Candlelight Processional Lights Winter Nights at Epcot

Carols are one of the most magical traditions of the holiday season – nothing says Christmas like a choir brightening the night with candles and song. And there are few better places to experience a choral celebration than at Epcot’s Candlelight Processional. This beloved tradition has been moving Epcot Guests since 1993, and it comes complete with 300 guest choir members from high schools and colleges across the East Coast, a Cast Member choir, a celebrity narrator, and a 50-piece orchestra.

Believe it or not, history of the Candlelight Processional goes back even further than 1993. Show producer Thomas Tryon tells us that “Walt wanted choirs singing on Disneyland’s Main Street at holiday time, and reached out to Dr. Charles Hirt at USC, who had brought in music groups for Disneyland’s opening ceremonies. That’s how the tradition started – and then in 1958 it became the Candlelight Processional, which is still celebrated on a select weekend over the holidays at Disneyland Resort. It was meant as a gift from Disney to the community.”

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When Walt Disney World Resort opened, the Candlelight Processional was brought with it. In the early years the Processional took place on Main Street at Magic Kingdom, much like the Disneyland event. “I got to attend once,” says Thomas. “You could stand on Main Street and watch the choirs come down the parade route, holding their candles. In 1993 we moved to Epcot as part of the Holidays Around the World celebration, where we’re able to have a dedicated stage and offer more performances – three times a night from the day after Thanksgiving through December 30th every year.”

Tom explains, “The show format is based on the long tradition of lessons and carols – we use Christmas carols that help illuminate or tell the story of the Nativity. They’re all contemporary arrangements done especially for this show. And we add new music from year to year as well, so we have something new for returning Guests to hear.”

He adds, “One of the things that I enjoy most is making the show the finale to a day spent at Epcot. I love wandering around World Showcase and seeing how Christmas is celebrated in all these different countries, then enjoying dinner there. To finish with the show is just really special. Some of the carols are in German, Spanish and French, so it has a nice international feel that fits perfectly with Epcot.”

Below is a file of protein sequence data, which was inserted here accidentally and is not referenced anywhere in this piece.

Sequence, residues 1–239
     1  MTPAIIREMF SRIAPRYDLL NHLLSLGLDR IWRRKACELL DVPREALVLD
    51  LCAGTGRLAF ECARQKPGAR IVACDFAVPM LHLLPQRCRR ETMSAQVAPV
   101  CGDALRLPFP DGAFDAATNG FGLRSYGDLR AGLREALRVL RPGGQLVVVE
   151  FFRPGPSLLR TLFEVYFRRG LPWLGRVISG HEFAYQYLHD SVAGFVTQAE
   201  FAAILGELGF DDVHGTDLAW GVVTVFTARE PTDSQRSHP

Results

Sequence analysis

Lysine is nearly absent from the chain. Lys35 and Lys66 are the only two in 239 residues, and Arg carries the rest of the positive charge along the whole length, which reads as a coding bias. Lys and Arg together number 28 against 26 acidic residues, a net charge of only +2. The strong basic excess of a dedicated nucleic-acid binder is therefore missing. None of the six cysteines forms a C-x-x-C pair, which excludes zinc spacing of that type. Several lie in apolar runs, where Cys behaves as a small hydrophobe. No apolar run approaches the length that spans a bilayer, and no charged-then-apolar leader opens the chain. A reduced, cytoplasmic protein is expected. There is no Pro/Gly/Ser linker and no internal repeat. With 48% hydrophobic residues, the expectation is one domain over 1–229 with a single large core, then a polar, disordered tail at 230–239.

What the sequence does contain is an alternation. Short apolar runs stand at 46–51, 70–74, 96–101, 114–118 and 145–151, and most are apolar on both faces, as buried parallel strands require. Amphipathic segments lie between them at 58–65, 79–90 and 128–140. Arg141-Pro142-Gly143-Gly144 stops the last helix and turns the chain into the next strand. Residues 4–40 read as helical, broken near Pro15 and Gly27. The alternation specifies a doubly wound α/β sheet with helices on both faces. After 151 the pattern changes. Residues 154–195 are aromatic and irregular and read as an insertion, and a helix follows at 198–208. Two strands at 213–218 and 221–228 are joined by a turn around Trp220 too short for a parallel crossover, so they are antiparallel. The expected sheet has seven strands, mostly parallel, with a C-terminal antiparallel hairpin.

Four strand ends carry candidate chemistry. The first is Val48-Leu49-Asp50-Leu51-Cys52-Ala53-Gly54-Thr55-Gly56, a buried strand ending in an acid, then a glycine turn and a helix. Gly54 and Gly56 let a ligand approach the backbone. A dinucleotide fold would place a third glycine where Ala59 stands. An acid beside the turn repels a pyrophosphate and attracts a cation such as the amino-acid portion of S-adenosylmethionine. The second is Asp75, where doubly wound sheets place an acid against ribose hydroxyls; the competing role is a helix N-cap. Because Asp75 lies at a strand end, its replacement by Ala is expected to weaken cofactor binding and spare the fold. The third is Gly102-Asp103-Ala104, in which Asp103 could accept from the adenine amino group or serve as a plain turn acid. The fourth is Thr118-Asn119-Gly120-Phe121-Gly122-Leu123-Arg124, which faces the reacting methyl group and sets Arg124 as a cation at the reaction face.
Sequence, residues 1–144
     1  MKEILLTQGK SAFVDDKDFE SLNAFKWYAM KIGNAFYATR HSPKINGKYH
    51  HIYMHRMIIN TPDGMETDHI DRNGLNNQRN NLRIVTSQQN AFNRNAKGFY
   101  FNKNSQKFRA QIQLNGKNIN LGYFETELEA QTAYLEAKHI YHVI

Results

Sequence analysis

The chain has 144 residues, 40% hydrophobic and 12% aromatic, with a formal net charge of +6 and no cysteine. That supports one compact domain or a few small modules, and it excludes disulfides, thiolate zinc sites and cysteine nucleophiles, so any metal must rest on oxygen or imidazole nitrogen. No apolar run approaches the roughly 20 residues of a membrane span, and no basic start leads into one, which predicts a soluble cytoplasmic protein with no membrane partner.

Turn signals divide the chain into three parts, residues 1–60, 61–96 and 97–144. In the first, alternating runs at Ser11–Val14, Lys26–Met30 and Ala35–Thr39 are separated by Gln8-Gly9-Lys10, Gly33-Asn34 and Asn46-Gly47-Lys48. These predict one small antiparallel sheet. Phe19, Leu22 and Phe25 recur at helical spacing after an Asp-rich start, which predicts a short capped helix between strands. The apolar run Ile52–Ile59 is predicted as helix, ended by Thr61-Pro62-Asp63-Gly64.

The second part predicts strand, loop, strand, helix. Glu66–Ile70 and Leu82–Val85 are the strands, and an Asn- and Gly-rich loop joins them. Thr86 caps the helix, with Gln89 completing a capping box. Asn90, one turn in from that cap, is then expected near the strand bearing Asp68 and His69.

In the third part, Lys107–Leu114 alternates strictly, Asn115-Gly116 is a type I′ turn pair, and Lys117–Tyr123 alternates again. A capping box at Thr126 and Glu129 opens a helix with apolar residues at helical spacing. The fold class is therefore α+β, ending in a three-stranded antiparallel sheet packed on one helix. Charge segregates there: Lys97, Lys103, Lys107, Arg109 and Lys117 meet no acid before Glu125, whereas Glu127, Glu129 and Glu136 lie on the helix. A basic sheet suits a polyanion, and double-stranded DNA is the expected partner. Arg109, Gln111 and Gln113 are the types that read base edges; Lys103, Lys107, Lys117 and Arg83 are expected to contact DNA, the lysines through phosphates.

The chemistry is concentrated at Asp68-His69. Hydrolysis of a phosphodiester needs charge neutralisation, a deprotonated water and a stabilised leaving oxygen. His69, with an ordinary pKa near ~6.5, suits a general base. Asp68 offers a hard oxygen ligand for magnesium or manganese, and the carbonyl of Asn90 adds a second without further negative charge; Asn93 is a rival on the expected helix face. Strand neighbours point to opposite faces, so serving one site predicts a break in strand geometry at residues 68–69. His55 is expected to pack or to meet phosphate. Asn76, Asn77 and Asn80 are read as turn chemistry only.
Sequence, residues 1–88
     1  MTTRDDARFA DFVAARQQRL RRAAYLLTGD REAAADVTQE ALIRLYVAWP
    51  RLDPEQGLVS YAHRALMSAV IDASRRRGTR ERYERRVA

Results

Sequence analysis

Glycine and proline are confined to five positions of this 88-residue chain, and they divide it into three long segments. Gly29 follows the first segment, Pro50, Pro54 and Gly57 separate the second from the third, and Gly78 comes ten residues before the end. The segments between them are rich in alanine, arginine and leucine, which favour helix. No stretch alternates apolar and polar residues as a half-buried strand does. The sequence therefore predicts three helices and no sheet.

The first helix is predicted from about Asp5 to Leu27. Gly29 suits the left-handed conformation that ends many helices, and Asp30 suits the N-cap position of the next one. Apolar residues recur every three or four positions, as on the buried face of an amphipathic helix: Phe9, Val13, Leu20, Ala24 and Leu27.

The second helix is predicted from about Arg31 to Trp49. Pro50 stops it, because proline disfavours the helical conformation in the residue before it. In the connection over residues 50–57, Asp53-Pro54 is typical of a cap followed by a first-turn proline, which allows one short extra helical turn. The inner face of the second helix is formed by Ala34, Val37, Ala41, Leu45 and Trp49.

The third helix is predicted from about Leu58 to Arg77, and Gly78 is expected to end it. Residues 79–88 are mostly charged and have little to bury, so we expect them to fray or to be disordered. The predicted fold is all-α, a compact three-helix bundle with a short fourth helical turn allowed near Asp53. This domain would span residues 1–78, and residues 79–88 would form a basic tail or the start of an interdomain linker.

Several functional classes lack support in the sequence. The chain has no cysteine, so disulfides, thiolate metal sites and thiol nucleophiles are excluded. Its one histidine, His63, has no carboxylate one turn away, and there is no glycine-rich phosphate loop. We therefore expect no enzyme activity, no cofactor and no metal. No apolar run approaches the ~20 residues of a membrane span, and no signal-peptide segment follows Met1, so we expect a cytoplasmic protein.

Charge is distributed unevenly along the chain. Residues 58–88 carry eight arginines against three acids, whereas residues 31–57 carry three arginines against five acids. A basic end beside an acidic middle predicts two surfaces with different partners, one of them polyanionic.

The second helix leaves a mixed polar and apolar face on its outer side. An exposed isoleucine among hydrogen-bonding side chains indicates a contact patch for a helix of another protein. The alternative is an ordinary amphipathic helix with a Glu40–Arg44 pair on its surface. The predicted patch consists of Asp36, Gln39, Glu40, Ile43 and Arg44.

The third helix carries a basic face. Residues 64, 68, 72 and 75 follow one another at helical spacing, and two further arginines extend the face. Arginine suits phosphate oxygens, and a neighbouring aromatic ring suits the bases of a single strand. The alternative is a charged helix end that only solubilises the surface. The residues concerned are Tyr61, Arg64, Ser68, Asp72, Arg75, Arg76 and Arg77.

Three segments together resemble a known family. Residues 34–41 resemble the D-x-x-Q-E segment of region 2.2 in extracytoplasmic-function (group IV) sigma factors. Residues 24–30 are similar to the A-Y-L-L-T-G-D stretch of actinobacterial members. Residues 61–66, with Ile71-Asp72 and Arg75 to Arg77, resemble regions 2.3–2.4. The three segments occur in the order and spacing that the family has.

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The celebrity narrators tell the Christmas story, an integral part of the show, and an impressive variety of stars have taken part. This year Steven Curtis Chapman is narrating now through Christmas Day, Blair Underwood will be narrating from December 26 through 28, and Amy Grant will be finishing the remaining dates. “It’s always special to me to watch the narrator at the end of the show – we give them a moment to wrap it up in their own words. They’re always touched,” says Thomas. “I know what it’s like as a singer to be part of that. It can be a bit overwhelming when you stand in the middle of it with the orchestra and choir. Many narrators get a little choked up. “

Thomas is a singer himself and we wondered whether he’s ever been tempted to take the stage for Candlelight Processional. He laughs, “As the producer, I sing in rehearsals, but I’ve never had the opportunity to sing in the show because I’m a little busy at that point. But I bet they’d let me – I have a little familiarity with the show!”

If you’d like to see this year’s Processional there’s still a little time – the show continues through December 30. And next year, the choirs will illuminate the winter evenings again.

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